By Thomas Garcia
Every so often in journalism, you reap some benefits—not monetary benefits or a membership at some swanky health spa or golf course.
One of the real benefits came to me on April 25, as I enjoyed some of the cooking at the 15th annual Chuck Wagon Cook Off in Logan.
If you haven’t been to a chuck wagon cook-off, I’d recommend going to one.
Let me start by saying the food was excellent, and I only had a meal from one of the seven wagons that were serving that day.
The meal consisted of chicken-fried steak, mashed potatoes and gravy, beans, biscuits and apple cobbler. As mouth-watering as that sounds, it gets even better.
The entire meal was prepared over a campfire in cast-iron Dutch ovens that gave the food a unique and wonderful flavor.
You might be skeptical about differences in how a meal is prepared. A chicken-fried steak is a chicken-fried steak no matter how or where it is cooked, right?
I beg to differ and I’m willing to bet dollars to pesos that my editor David Stevens would agree with me on this matter. David is a chicken-fried steak aficionado. He has ranked the chicken-fried steaks he has eaten and when we’ve sampled the same product, I tend to agree with his rankings.
I know I’m not alone in saying that the meal cooked at those chuck wagons would be pretty hard to beat. I for one was amazed at the biscuits of “?”. Those were some of the best biscuits I have ever had and Dad, if you’re reading this column, your biscuits and rolls are still number one.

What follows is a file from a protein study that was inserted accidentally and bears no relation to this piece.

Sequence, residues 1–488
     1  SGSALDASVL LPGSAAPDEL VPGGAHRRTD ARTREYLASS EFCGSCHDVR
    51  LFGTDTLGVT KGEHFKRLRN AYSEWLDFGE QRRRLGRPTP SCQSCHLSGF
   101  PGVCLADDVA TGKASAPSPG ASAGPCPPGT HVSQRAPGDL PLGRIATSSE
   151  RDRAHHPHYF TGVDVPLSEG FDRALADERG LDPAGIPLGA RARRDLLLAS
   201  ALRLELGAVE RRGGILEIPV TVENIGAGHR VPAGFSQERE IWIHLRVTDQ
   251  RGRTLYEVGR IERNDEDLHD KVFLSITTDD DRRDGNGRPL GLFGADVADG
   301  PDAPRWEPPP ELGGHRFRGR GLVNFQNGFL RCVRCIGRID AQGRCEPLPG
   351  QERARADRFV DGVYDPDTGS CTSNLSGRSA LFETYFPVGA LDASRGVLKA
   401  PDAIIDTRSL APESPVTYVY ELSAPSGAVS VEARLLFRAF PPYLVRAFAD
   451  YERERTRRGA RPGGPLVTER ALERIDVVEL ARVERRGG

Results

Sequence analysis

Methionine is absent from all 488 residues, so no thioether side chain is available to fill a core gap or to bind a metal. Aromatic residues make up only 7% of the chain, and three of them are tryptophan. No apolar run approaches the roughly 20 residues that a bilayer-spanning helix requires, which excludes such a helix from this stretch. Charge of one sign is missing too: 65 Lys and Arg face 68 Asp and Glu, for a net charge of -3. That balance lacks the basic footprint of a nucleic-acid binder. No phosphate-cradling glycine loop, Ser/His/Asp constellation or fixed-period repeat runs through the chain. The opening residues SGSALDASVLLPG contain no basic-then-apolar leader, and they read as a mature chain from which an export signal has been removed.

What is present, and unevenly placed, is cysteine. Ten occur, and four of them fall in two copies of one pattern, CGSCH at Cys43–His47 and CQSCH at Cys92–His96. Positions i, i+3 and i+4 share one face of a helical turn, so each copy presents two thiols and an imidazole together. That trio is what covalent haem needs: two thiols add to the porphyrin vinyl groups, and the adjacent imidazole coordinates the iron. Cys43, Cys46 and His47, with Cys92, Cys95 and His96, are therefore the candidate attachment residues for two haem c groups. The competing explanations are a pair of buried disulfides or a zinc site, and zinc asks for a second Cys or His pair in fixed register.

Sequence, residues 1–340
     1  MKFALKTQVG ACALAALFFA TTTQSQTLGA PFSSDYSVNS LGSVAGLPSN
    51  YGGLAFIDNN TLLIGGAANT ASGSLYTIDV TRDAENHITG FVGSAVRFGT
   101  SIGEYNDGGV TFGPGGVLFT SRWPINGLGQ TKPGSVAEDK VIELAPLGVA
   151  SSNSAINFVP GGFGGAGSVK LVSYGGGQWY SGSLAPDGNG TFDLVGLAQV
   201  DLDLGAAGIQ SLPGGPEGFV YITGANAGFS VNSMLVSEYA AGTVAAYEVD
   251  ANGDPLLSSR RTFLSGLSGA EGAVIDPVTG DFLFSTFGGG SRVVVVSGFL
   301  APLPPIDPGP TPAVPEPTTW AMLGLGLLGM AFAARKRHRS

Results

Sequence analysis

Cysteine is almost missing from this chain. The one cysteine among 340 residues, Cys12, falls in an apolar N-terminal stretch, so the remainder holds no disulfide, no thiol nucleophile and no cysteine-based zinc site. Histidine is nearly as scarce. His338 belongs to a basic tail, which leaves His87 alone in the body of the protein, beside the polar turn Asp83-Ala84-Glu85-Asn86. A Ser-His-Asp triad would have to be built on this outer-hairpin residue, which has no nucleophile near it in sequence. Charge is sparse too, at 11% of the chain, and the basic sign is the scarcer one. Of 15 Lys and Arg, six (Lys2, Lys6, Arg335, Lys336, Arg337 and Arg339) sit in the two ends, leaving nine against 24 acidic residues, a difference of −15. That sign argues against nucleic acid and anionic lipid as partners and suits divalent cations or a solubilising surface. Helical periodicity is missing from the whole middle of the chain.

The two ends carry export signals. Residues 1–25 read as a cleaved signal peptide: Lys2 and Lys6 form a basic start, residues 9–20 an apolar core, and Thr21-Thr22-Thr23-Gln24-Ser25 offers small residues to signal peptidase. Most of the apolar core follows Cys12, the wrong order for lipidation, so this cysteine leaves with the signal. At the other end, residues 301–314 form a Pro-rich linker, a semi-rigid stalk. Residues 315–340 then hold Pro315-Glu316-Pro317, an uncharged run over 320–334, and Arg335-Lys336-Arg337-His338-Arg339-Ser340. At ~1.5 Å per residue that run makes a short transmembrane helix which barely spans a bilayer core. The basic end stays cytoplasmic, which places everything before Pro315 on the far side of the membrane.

Though “?” are hot on your heels.
Each of the seven chuck wagons at the cook-off used ingredients contained on the wagon for the contest and the crews went right to work preparing the meals. It was interesting and entertaining to watch the crews hard at work preparing their meals.
It was like stepping back in time to watch them use utensils and methods that were perfected by cooks on the untamed open plains with little more to work with than their chuck wagons, cooking gear, rationed food and team of horses.
Along with the period cookware, Saturday’s contestants used wash tubs for cleaning their dishes, and their ingredients were stored in old fashioned tins and jars.
The weather was beautiful. One wagon owner said, “It’s chamber of commerce weather.”
Last year, the wind made the cooking a bit difficult, but it died down just enough for the serving and enjoyment of the food.
Unlike hungry cowhands in the Old West, diners on Saturday were able to receive meals to-go and enjoy them at home, but most sat at benches set up around the wagons.
Imagine what it would have been like on a cattle drive eating your meal around the camp fire exposed to the forces of nature.
Luckily for me and others who attended the cook-off, the weather was perfect and there were no cattle to drive, only sunshine, food and good people to enjoy.
Thomas Garcia is a senior writer at the Quay County Sun. He can be reached at email@example.com